SUMMARY Simple method to convert EXT4 to XFS without data restore

Latest response

Hello esteemed forum members.

For a specific project, I was asked to test if conversion of EXT4 to XFS could work without data restores on RHEL 7.9.

I did it by using EPEL tool fstransform (available in RHEL repositories).

Maybe this information helps someone else in the future.

Step 1
Install tool from EPEL repository:

$ sudo yum -y install fstransform

Step 2
Check current setup for file system /myfs:

$ uname -a && sudo lsblk -f | awk '$NF=="/myfs" {print $NF,"is file system type",$2}' 
Linux myhost.domain.dom 3.10.0-1160.25.1.el7.x86_64 #1 SMP Tue Apr 13 18:55:45 EDT 2021 x86_64 x86_64 x86_64 GNU/Linux
/myfs is file system type ext4

$ sudo mount | grep myfs
/dev/mapper/myvg-mylv on /myfs type ext4 (rw,noatime,data=ordered)

Step 3
Unmount file system /myfs and run the conversion:

$ sudo umount /myfs

$ sudo fstransform /dev/mapper/myvg-mylv xfs

Step 4
Change file system type in /etc/fstab and remount /myfs:

$ sudo sed -i -e "s#/myfs.*ext4#/myfs xfs#" /etc/fstab

$ sudo mount /myfs

$ uname -a && sudo lsblk -f | awk '$NF=="/myfs" {print $NF,"is file system type",$2}'
Linux myhost.domain.dom 3.10.0-1160.25.1.el7.x86_64 #1 SMP Tue Apr 13 18:55:45 EDT 2021 x86_64 x86_64 x86_64 GNU/Linux
/myfs is file system type xfs

Yes, certainly there are some caveats and backups are important in case something goes wrong.


Dusan Baljevic (amateur radio VK2COT)


Hi Dusan,

Thanks for sharing ! I want to point out that this method is only applicable for filesystems containing "normal data". :)
What's not possible is to achieve the same for the root filesystem - there is no safe way to convert from ext4 to XFS.


Hi Dusan and Christian,

The below list contains file systems I would not convert this way:

  • / (root)
  • /boot
  • /var
  • /var/lib
  • /usr

It is a nice concept.

Hints to add:

  • Make a copy of the /etc/fstab before starting the activities.
  • make a snapshot if you do this on a virtual machine.
  • run a rear backup of compatible backup (e.g. clonezilla) if you want to do this on a physical machine.

Warning: if it fails and you have no disklevel backup, you are on your own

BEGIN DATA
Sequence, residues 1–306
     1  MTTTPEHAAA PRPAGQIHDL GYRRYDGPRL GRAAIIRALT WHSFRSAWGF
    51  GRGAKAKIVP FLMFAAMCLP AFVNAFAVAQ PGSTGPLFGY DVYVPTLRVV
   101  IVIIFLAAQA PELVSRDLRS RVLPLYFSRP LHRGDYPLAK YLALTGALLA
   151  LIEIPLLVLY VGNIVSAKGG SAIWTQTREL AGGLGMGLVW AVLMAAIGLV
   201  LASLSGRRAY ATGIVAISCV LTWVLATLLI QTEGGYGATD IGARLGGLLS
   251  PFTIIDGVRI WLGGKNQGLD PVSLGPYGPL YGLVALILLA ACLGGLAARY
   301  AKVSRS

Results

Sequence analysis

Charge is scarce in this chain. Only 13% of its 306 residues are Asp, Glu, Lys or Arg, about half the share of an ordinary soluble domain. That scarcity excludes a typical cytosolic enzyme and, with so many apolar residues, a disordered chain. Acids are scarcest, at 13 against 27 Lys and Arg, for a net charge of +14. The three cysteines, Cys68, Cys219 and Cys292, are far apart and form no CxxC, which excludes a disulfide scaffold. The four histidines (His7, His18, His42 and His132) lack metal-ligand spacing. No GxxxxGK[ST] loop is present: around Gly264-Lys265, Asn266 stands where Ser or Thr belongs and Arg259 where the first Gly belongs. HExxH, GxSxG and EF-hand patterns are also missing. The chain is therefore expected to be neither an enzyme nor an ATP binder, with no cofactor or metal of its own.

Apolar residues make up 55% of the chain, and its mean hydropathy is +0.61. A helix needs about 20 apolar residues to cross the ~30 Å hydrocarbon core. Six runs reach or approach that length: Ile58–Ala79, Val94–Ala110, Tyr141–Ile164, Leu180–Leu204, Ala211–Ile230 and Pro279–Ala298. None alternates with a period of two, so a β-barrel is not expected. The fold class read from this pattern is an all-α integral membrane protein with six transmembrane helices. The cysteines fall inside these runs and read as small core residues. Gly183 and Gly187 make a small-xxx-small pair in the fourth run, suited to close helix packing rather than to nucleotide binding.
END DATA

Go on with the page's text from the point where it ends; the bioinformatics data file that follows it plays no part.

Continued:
Red Hat does not support EPEL related tools.


Jan Gerrit

P.S. in the past an "upgrade" from ext3 to ext4 was not supported either.

Hi Jan,

Thanks for adding these details and hints ! Couldn't agree more ... And to be honest, I wouldn't do that on a
production system at all ... following the motto "not everything that is possible must necessarily be done". :)



Your comments are valid and correct. COmpletely in sync with my views.

As I stated, there were caveats with this method and backups are important.

POC was done to test if it was possible to convert and verify how long it took :)

In my view, as of 2021, there should be only DevOps style method for RHEL package (or any other type of) updates. Replace in-place updates with in-place swap.

There are basically two ways to handle Linux server patch management:

• In-place update (apply patches on current server and hope it works), or
• In-place swap (build server with latest patches and features and replace the old one).


Dusan Baljevic (amateur radio VK2COT)

Thanks for sharing Baljevic. To me it looks it is worth to try conversion of EXT4 to XFS and obviously need to either have full backup or snapshots in case of virtual machines or even azure linux vms especially you can take os disk snapshot. As in general practice xfs is being used for large file systems not likely for / and /boot and /var.If anything goes wrong you can revert back. Easy in case of virtual machine little difficult in case of physical servers.

I'd only recommend trying this on a system you don't care if it crashes first.

Next, if you do perform this, consider all the good tips from Christian, Dusan, and Jan above.

However, I am here to just simply reinforce what's been said, please... please - if you don't have a backup, and a means to restore, please get one, especially before trying something ultra-risky as above.

Ask yourself, what would happen if the system i care about would no longer work? Ask yourself what steps you could have taken in advance to have a solid back and a means to restore. Please consider this regardless if you try the risky method that none of us recommend.

Consider building a new system, create the services, migrate the data.